St-Julien was accused of scheming to manipulate FNRG’s stock price with help from stock promoters, broker dealers and a dermatologist in Boulder, Colorado, who bought shares on his behalf. St-Julien paid individuals who made the trades using a Belize-based firm and bank account. He was arrested while preparing to board a plane for Costa Rica. He could spend 25 years in prison.

Among other things, the company failed to disclose that reports touting the company’s stock on the investor website SeekingAlpha.com were paid for by the firm.

St-Julien and his conspirators orchestrated a PumpNDump scheme by creating the appearance of trading volume and genuine interest in FNRG driving the price from $4.55 to $7.82 from about January 2014 to April 2015, when he was arrested.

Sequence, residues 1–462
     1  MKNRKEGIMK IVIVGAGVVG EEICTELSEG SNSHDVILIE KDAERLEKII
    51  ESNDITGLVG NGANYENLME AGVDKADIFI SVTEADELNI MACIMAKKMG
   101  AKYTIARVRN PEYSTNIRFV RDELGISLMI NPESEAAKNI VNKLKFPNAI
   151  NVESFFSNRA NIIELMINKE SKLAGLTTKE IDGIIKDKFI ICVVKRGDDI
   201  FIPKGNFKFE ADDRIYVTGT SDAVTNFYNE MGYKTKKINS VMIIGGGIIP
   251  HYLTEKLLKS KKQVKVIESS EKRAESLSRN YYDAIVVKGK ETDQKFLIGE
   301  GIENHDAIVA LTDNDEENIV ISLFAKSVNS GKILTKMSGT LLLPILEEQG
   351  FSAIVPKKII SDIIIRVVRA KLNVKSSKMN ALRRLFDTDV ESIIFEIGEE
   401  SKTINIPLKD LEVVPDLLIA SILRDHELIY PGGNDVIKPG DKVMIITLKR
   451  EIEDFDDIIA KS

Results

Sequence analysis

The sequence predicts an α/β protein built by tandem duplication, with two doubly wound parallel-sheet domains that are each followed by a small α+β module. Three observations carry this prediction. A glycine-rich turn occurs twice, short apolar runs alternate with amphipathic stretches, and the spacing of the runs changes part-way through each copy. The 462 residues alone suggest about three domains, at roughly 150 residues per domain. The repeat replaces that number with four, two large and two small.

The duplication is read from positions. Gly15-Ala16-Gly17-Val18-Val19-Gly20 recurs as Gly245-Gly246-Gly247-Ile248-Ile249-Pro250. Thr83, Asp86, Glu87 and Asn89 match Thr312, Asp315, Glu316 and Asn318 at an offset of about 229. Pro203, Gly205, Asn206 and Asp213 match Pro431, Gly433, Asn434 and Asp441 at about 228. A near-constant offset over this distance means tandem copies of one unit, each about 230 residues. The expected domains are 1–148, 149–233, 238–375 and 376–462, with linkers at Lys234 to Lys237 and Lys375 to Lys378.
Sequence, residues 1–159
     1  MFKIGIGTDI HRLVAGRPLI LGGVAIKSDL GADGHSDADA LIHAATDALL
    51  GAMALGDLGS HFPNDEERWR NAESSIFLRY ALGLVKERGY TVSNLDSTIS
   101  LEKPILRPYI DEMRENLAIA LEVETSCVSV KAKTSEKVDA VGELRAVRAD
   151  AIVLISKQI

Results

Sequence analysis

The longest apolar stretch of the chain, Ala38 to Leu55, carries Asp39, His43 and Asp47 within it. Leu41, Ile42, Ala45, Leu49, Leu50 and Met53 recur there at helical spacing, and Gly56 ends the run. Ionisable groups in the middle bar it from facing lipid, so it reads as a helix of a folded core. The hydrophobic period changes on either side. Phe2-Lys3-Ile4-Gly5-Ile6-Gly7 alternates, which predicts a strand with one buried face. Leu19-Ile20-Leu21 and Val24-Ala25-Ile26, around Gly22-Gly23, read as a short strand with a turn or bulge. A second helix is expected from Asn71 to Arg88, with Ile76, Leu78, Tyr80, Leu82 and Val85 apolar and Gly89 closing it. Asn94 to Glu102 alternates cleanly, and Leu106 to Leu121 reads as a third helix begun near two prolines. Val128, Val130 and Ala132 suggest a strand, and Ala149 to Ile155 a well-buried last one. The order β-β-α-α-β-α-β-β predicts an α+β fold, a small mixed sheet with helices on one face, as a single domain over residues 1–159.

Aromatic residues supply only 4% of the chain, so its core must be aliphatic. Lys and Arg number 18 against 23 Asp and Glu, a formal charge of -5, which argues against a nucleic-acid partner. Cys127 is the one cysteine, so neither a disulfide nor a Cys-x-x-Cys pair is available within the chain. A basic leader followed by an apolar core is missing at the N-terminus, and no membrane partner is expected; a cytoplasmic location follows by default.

“St-Julien had a fiduciary responsibility to act in the best interest of ForceField and its shareholders. He did neither,” said Diego Rodriguez, Assistant Director-in-Charge of the FBI’s New York Field Office.

Brooklyn U.S. Attorney Loretta Lynch, now the U.S. Attorney General, said St-Julien “engaged in a stock trading scheme that was crafted on lies and deceit.”

The source of the quote below is the complaint filed by the SEC on May 3, 2016.

https://www.sec.gov/litigation/complaints/2016/comp-pr2016-80.pdf